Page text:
Environmental Economics, Policy, and Law
-anything with potential use in creating wealth or giving satisfaction.
Renewable vs. Nonrenewable Resources
-resources that cannot be replaced (in a human time scale) because they take long periods
of time to generate by earth's geological development or they are finite: the minerals, fossil fuels and metals.
-present supplies are becoming exhausted by human standards
and will be gone.. soon. Yikes!
-things that can be replenished or replaced (usually refers to energy resources) such as sunlight, biological organisms, fresh water, fresh air, wind, and used cooking oil!!!
-but if we rip apart habitats we disrupt self renewing biological
*Tragedy of the Commons*
-Article written in 1968 by biologist Garret Hardin.
-resources are being destroyed or degraded because people care
more about the interest of
themselves than they do about public interests. People who use
or destroy more than their fair share
of common property.
-Hardin described an open access system- no rules to manage
resource use. (ex. Native American
management of rice beds and hunting grounds, Maine lobster fisheries)
-communal resource management systems- resources managed by
a community for long-term sustainability- can work IF collectively enforced and community anticipates continually living on the land which will be then be passed onto their children.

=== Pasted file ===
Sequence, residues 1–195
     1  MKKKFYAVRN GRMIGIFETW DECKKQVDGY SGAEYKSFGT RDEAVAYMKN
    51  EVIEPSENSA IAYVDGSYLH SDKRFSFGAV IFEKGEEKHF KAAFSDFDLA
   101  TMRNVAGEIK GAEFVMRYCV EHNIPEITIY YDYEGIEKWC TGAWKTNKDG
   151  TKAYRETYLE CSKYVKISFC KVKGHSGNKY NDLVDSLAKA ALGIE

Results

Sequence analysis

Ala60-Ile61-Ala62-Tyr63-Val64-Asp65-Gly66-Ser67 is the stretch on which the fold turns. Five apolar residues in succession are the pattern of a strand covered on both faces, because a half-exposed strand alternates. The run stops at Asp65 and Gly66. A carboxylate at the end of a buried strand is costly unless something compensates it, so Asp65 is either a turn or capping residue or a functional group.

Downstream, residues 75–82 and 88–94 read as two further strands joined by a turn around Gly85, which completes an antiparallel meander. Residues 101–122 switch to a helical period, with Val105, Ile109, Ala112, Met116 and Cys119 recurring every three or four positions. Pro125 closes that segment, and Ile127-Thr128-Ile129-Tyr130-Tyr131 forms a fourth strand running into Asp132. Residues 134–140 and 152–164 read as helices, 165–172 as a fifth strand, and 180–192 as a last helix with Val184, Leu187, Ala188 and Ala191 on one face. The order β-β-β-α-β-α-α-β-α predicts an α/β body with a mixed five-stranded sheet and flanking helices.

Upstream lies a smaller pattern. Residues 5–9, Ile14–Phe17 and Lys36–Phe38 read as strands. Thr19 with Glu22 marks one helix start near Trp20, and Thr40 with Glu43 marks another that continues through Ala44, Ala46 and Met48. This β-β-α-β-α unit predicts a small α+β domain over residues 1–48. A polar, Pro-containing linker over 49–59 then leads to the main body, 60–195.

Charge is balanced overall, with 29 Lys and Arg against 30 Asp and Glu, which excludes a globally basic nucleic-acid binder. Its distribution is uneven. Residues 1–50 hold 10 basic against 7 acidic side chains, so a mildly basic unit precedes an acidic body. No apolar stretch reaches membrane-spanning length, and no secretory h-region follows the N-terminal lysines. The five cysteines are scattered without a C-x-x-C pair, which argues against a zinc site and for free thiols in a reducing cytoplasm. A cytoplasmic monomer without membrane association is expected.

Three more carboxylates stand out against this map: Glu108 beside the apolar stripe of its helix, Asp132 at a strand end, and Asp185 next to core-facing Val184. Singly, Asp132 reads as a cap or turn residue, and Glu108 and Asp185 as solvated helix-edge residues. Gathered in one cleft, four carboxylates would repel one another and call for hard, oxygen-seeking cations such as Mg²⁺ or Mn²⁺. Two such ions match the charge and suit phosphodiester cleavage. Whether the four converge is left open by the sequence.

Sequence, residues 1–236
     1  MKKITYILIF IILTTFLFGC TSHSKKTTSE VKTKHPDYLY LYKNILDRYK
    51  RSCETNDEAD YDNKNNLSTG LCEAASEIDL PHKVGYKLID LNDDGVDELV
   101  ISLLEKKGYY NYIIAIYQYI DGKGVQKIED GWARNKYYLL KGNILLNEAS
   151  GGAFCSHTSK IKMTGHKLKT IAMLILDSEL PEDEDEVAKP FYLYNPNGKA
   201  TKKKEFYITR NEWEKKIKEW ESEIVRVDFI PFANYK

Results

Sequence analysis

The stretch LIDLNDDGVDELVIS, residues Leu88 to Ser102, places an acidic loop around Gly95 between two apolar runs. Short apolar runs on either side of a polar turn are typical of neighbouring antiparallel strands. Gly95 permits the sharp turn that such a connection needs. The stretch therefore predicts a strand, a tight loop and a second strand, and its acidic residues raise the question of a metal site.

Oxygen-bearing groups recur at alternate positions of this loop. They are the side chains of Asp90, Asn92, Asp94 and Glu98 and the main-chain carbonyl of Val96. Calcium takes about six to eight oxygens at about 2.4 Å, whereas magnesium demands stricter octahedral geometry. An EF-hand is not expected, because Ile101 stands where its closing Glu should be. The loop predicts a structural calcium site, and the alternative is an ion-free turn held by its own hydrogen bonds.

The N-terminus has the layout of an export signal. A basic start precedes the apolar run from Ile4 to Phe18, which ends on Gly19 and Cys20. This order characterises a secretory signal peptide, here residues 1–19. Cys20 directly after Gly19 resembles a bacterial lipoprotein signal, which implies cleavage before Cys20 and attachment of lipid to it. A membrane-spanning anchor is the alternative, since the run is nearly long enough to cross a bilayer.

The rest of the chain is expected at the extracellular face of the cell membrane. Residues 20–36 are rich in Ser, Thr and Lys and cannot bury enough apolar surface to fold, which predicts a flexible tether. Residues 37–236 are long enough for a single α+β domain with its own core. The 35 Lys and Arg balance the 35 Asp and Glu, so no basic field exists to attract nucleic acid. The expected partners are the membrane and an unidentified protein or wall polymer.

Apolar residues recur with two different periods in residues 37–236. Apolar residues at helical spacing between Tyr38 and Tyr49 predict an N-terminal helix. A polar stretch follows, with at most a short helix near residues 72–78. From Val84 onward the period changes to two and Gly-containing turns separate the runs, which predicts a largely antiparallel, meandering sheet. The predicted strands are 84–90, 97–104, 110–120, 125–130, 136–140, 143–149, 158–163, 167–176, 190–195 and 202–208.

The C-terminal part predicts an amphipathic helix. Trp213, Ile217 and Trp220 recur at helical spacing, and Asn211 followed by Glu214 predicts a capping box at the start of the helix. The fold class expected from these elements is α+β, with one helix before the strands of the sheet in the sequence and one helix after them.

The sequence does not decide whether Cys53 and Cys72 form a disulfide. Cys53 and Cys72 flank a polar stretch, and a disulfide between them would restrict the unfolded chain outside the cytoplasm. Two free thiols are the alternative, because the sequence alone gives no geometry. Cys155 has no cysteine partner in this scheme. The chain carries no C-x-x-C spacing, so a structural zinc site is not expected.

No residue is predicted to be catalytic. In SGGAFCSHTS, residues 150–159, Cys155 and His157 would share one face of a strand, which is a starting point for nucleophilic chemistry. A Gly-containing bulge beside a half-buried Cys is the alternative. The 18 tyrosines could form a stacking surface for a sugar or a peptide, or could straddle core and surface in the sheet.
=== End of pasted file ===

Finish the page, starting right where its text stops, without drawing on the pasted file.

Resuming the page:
The theory is built on the idea that a free capitalistic market is the best method to govern our financial well-being... maybe.
Law of Supply and Demand. As supply (how much product is available) increases its demand (the amount of product the consumers will buy) decreases and the price of the good also decreases. As supply decreases, the demand increases and its price increases. Kind of like a school dance when too many students of the same sex show up.
Market equilibrium is when the demand for a good equals its supply. Supply and demand are inversely proportionate.
GNP- Gross National Product. A nations' wealth is measured by the sum total of all the goods and services it provides.
GDP- Gross Domestic Product. The amount of goods and services produced only within its national boundaries within a year.
Property taxes pay for cost for a town's infrastructure. (ex. fire service, police, road repair)
Natural Resource Management
Cost Benefit Analysis (CBA)
value of benefits gained divided by the costs of project. If greater than one- okay to proceed, if less than one no go on project
-This concept is used to evaluate the pollution prevention with
the costs and social benefits of a
project. It assigns values to resources and evaluates whether the pollution cost of a project is "worth" the social benefits. Legislators use this process to determine whether a given
undertaking is a "good idea"
by how cost efficient it is and what benefits it will create as
well as how much pollution there
will be. This can be looked at as a way for businesses to assign
values to natural resources and hopefully a way to mitigate the extent of environmental damage done by any project before it is undertaken.
Often the true cost of using environmental resources are "externalized" meaning the price of permanently distroying nature and polluting our air, water and soils are not taken into consideration when goods are valued on the market. Note with neither of the above calculations are the natural resources (biodiversity, fresh air), human capital (fair wages) or social capital (indigenous societies) taken into consideration.